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Calling Competition

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Yesterday, the Bush Administration took a big step toward ending eight years of regulatory bedlam in the telecom industry by deciding to do . . . nothing.

Solicitor General Ted Olson, who represents the government before the Supreme Court, has informed the Federal Communications Commission that he will not appeal a lower court decision vacating rules that required the Baby Bells to lease their phone networks to rivals such as AT&T and MCI at reduced rates. Those “phone competition” mandates (read: price controls) have been a boon for lobbyists and lawyers, but capital investment and consumer choice have suffered.

The FCC’s pro-regulation commissioners, especially Republican Kevin Martin, could still push for an appeal, but it’s unlikely the High Court would take the case without Mr. Olson’s blessing. The White House deserves credit for standing up to Ma Bell’s brigade of lobbyists and op-ed writers and doing right by its free-market principles. Credit as well goes to FCC Chairman Michael Powell, who’s worked for three years to clear away what President Bush has called the “regulatory underbrush” hampering, among other things, faster broadband deployment. Obstacles remain in place at the state and local level — many of the federal rules were redundant — but this is a good start.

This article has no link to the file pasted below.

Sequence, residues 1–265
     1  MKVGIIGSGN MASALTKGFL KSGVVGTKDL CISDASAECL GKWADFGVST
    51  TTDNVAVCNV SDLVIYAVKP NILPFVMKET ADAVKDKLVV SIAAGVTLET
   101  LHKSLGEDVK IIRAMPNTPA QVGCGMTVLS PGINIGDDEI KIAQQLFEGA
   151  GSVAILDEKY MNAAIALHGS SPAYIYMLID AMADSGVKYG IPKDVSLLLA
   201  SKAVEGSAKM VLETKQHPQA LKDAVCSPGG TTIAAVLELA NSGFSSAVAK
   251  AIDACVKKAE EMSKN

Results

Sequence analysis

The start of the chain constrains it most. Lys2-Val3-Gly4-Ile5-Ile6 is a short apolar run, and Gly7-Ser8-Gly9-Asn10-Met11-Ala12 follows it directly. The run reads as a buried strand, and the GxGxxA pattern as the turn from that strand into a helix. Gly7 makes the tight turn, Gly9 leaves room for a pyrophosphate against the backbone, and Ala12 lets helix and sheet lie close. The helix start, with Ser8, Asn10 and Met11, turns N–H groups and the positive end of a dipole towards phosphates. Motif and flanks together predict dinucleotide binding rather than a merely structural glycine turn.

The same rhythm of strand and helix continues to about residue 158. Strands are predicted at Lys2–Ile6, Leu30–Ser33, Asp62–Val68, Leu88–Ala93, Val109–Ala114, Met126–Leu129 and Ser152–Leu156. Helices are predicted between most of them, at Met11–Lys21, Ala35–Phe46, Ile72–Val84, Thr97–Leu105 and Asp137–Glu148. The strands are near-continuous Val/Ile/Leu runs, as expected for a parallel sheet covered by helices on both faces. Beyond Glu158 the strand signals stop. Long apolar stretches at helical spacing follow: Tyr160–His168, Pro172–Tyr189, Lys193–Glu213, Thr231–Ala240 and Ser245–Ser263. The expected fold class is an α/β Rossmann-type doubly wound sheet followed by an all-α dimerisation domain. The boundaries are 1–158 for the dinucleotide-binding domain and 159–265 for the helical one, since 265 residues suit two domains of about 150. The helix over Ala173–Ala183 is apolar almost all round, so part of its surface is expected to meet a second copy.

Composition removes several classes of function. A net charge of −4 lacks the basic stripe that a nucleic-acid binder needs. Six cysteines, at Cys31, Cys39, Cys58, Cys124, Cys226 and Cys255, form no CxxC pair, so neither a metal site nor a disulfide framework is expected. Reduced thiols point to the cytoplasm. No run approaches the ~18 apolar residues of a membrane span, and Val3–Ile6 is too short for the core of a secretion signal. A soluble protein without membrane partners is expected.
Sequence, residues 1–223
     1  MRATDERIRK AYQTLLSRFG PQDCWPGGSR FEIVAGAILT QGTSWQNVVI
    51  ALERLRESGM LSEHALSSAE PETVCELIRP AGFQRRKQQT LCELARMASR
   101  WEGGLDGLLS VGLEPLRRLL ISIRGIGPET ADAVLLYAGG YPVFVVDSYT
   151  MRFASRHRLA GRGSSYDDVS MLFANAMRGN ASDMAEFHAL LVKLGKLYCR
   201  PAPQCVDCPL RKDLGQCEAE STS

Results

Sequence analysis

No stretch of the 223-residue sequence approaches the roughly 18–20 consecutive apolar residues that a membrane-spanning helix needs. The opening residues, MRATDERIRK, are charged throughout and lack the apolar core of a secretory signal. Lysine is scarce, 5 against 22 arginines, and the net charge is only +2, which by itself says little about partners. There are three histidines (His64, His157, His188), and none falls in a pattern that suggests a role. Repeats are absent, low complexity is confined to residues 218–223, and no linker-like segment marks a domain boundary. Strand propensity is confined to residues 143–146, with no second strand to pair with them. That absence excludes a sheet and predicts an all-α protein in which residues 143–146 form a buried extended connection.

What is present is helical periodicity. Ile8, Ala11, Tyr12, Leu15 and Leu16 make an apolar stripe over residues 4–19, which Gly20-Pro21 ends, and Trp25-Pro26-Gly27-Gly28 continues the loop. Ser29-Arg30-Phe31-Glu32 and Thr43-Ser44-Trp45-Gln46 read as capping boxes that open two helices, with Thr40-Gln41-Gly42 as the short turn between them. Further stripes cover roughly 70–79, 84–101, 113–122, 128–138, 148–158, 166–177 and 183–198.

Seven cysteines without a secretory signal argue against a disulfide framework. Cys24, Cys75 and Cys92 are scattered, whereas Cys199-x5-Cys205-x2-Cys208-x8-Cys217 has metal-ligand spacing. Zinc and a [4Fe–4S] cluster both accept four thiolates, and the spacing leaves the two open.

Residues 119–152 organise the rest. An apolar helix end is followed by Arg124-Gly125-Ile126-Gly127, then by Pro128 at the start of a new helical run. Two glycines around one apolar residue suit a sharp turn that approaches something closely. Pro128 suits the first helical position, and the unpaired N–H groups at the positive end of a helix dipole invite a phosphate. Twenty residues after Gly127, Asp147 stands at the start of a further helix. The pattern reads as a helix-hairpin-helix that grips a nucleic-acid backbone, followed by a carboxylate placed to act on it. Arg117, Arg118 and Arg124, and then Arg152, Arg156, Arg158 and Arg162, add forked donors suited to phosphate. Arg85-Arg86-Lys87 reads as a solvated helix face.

Of late and without much success, Mr. Powell and the Administration have encouraged AT&T and the Baby Bells to reach commercial agreements on wholesale phone rates. So long as a Supreme Court appeal was possible, AT&T had refused to come to the negotiating table. Now that Mr. Olson has sided with consumers over insider politics, maybe Ma Bell will pull up a chair.